I’m already a big fan of Zwift, an indoor biking app that runs on my iPad and controls my smart bike trainer’s resistance based on the virtual route’s elevation. Could a VR app be even better?
I tried out Holofit by Holodia ($10.75 a month), which works with Bluetooth-enabled ellipticals, rowers and stationary bikes. You can also use a traditional machine with a cadence sensor attached to your shoe. Holofit’s virtual worlds are programmed with absurd set pieces to keep you engaged. I passed an overturned bus on the Golden Gate Bridge, rode through a rock concert in the middle of Paris and flew out of a rocket ship onto Saturn’s rings.
This kind of cardio was a different beast in VR. The headset got steamy fast, and while biking on a straight road didn’t bother me, sharp turns and going uphill or downhill made my stomach flip. After 30 minutes, I was too nauseated to continue. This might be a unique issue: I have amblyopia, which means one eye doesn’t work as well as the other. Wearing glasses inside of the headset helps, but I still get headaches after long stints. (My colleague Joanna, who spent 24 hours in the metaverse, experienced similar symptoms after prolonged headset use.)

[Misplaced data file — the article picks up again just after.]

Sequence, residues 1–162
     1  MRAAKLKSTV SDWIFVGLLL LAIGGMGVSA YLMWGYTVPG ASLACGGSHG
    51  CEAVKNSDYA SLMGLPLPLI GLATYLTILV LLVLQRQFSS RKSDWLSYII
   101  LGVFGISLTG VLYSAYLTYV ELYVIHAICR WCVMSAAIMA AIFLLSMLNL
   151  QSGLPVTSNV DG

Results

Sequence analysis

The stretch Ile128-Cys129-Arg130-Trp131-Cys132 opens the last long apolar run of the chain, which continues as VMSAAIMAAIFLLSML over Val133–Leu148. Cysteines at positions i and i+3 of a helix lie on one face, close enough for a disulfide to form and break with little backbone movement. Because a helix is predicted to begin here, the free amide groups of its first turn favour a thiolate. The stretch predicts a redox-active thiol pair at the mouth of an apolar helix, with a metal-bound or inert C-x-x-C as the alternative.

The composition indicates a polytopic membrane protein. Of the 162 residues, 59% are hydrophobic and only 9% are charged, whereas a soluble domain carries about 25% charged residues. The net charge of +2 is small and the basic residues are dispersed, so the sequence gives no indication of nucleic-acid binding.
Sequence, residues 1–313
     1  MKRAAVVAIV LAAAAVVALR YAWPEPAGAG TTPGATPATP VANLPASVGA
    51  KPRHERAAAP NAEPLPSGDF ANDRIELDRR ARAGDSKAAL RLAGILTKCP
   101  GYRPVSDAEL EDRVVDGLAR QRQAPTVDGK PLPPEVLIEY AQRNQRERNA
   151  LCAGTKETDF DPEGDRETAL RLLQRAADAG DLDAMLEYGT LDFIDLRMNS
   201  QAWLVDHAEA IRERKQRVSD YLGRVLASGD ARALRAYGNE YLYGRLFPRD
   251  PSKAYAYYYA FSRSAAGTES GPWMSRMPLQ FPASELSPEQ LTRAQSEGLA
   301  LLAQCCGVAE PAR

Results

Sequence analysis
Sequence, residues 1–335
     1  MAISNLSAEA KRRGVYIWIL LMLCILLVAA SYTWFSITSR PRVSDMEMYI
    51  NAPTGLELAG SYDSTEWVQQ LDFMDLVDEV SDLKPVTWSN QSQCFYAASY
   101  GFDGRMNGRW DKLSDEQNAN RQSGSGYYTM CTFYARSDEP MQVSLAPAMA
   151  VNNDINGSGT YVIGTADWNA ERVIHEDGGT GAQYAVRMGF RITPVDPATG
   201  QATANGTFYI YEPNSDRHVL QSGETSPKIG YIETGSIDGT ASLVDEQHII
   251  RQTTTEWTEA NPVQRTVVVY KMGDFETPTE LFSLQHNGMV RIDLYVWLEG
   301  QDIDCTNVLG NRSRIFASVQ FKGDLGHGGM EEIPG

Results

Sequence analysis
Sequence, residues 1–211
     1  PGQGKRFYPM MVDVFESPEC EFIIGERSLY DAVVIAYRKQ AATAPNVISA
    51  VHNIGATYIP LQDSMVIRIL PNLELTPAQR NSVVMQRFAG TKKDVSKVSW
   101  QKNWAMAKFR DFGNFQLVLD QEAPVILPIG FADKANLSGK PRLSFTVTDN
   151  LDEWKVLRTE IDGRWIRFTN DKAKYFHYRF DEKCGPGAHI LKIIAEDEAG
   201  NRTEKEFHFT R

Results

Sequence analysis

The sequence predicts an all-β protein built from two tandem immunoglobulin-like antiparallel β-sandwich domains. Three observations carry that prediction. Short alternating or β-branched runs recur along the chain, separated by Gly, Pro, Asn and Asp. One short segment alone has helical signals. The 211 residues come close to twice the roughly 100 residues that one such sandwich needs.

A Holofit spokesman said this feeling is common for new users and eventually dissipates. The company is continuing to refine the avatar’s in-game movements, he added. Holofit was fine otherwise, but it doesn’t have Zwift’s automatic resistance-adjustment features or detailed graphics.
I asked Zwift Chief Executive Officer Eric Min why the app isn’t in the metaverse yet. “Zwift does indeed have a build for VR, but it’s not something that’s publicly available,” he said. For now, a VR headset is too bulky for bikers, he said. “It’s weighty, hot, fogs up and the sweat consideration is significant.” He said the company also is concerned about user safety.